The Workplace Safety & Insurance Board (WSIB) is one of the largest insurance organizations in North America, covering over five million people in more than 300,000 workplaces across Ontario. When an injury or illness happens on the job, we provide wage-loss benefits, medical coverage and support to help people get back to work. Funded by businesses, we also provide no-fault collective liability insurance and access to industry-specific health and safety information.
"It's a maze to try to get through, and it shouldn't be this way. It should be clear, it should be easy and it should be quick." (Person with Injury, Person with Injury Ethnography)
Imagine the frustration you would feel if you or a family member endured a workplace injury that affected not only your ability to work, but also your personal life. Now, imagine if in addition to that, the company that is supposed to provide you with support treats you as though you are a number amongst the many other cases they handle on a daily basis. Maybe you try to get information on our website and realize you have to call and wait in a queue or wait to receive a letter. This type of thinking formed the basis for our future state service design.
Over the past several years, the WSIB's service experience has received increased scrutiny. Primarily, customers are unhappy with limited and one-sided communication channels, outdated technology, over-emphasis and strict adherence to policies and procedures, and long wait times. Due to silos within the organization, our most vulnerable customers are receiving insufficient support. Altogether, this has resulted in a decline in overall customer satisfaction.
To meet the needs of our customers, a transformational program, Core Services Modernization (CSM) was born. With three clear-cut objectives, the CSM program was designed to ensure that customers remained at the forefront of all decisions. Firstly, the organization wants to achieve more efficient and effective operational and administrative processes. Secondly, we want to reduce risk on the WSIB's technical footprint. Lastly, we want to provide better customer service and reduce burden for our customers. As we shift our focus to a customer-centric approach, we have decided to modernize key aspects of our services in order to decrease (and eventually eliminate) these complaints. To lead the work of defining a future state vision for the WSIB, the CSM program constructed a Service Design team within the Customer Experience and Digital Division in our Toronto head office. The goal of the future state experience is to remedy the current customer pain points by delivering more convenient channel access for customers, faster decision making on claim files, more information sharing internally across departments, greater transparency and awareness of 'where customers are' in a process, and more self-service options than ever before. We want to flip the script on the current reputation WSIB has with our customers. We provide an essential service and we want our customers to feel a sense of security in the unfortunate event that they require these services.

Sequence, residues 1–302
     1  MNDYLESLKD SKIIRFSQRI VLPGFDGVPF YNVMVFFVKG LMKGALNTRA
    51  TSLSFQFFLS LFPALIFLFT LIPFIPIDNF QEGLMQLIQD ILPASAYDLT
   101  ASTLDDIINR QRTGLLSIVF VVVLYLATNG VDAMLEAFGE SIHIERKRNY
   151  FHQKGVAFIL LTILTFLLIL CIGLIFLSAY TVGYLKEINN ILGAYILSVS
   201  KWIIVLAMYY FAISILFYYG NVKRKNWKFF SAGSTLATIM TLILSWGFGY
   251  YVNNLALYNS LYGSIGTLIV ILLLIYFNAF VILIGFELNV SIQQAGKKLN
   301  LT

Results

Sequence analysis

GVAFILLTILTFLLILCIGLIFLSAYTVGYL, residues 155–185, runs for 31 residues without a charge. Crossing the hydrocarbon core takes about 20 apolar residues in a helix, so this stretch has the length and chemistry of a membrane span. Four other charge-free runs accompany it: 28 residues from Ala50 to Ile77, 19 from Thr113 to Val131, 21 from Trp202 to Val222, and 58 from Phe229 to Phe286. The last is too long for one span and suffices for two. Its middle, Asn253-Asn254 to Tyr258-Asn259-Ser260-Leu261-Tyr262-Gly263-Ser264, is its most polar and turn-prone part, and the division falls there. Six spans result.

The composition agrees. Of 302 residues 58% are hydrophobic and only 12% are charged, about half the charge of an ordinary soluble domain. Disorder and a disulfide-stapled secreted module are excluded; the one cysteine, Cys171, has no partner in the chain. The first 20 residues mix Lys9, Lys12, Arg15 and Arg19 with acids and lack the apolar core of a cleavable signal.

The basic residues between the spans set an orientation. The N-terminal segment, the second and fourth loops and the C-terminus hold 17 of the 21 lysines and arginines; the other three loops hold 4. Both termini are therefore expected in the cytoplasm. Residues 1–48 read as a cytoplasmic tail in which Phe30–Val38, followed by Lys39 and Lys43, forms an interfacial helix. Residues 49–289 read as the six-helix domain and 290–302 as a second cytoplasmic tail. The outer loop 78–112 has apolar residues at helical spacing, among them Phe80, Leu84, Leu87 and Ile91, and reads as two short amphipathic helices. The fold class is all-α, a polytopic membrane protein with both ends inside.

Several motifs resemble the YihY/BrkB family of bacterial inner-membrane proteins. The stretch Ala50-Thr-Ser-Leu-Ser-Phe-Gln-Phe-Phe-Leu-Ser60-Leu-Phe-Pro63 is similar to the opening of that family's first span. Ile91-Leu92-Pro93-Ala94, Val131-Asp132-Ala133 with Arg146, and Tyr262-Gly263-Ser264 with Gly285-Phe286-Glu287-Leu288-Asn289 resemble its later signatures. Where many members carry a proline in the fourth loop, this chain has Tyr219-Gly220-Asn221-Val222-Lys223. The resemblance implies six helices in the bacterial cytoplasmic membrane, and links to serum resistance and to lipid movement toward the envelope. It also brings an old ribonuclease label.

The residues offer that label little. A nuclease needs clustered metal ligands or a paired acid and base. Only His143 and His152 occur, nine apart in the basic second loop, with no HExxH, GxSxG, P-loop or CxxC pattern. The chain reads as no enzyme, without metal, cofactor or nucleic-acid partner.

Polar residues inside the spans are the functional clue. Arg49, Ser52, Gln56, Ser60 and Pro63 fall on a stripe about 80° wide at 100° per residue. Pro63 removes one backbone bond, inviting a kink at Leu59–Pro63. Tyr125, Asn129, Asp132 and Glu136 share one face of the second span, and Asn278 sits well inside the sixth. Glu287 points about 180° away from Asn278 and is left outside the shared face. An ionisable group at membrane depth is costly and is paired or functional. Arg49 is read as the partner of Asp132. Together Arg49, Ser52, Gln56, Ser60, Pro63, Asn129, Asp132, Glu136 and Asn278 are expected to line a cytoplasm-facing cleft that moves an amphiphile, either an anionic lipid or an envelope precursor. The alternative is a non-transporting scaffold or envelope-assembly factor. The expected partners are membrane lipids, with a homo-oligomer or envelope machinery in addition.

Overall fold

Research -> Design Challenges and Design Sprints -> Process Redesign -> Model Office Prototyping and Simulation -> Solution Delivery
The Customer Experience team set out to understand how we could better cater to the needs of our customers. The insights generated from this research directly informed the design challenges for the service design sprints, as well as the transformation of processes to eliminate silos within the organization and produce a seamless experience for customers. This research included an analysis of quarterly and annual customer service surveys, as well as the deployment of a small group of Design Researchers skilled in immersive ethnographic research methods. The researchers met with customers, observed how they interacted with the WSIB, and analyzed their feedback on our services.
Since 2016, the Customer Experience team has conducted 17 ethnographic research studies and concept tests involving more than 450 individual customers, directly interviewing them or observing their interactions for approximately 1-3 hours. The research methods used for these ethnographies included customer diaries, contextual interviews, shadowing and walk-a-mile immersion.
The Customer Experience team applied the service design methodology to facilitate the co-creation of the end-to-end future state service experience. The outputs of this work included future state customer journeys and their associated service blueprints. This approach ensured that people, process and technology requirements were designed in lockstep, fully anchored to the desired future state customer experience.
The design of the WSIB's future state customer journey was divided into sprints to enable deep dives into specific customer pain points related to their service experiences. With a goal of bringing clarity to the WSIB's service transformation efforts, a systematic and staggered approach to redesigning each "leg" of the customer experience was outlined. Four core legs were initially identified, and each leg was given its own sprint. Collectively, the four legs represent the life of a claim, and begin with the simplest journey to the most complicated:
Leg 1: Reporting of Injury, Decision & Initial Health Care
Leg 2: Payment of Loss of Earnings Benefits
Leg 3: Case Management (Recovery & Return to Work)
Leg 4: Dispute Resolution
Each service leg includes interactions between the WSIB, injured person, employer and healthcare practitioner. They also include sub-journeys, which represent variations on the core experience based on specific scenarios, including the experience for linguistic minorities. The latter represents a cohort of our customers who have low English literacy in both written and oral communication.
Through customer empathy activities within the service design workshops, subject matter experts from across the organization generated research-based 'How Might We' statements to guide each sprint. Specifically, participants leveraged customer research to identify and prioritize our customers' pain points. The pain points were then reframed as How Might We statements to ensure that our future product, service, and experience designs all trace back to our customers' needs. Four overarching opportunities for improving the experiences of customers navigating the WSIB were generated:
1. How might we communicate a claims decision and reimburse health care within 24 hours of injury?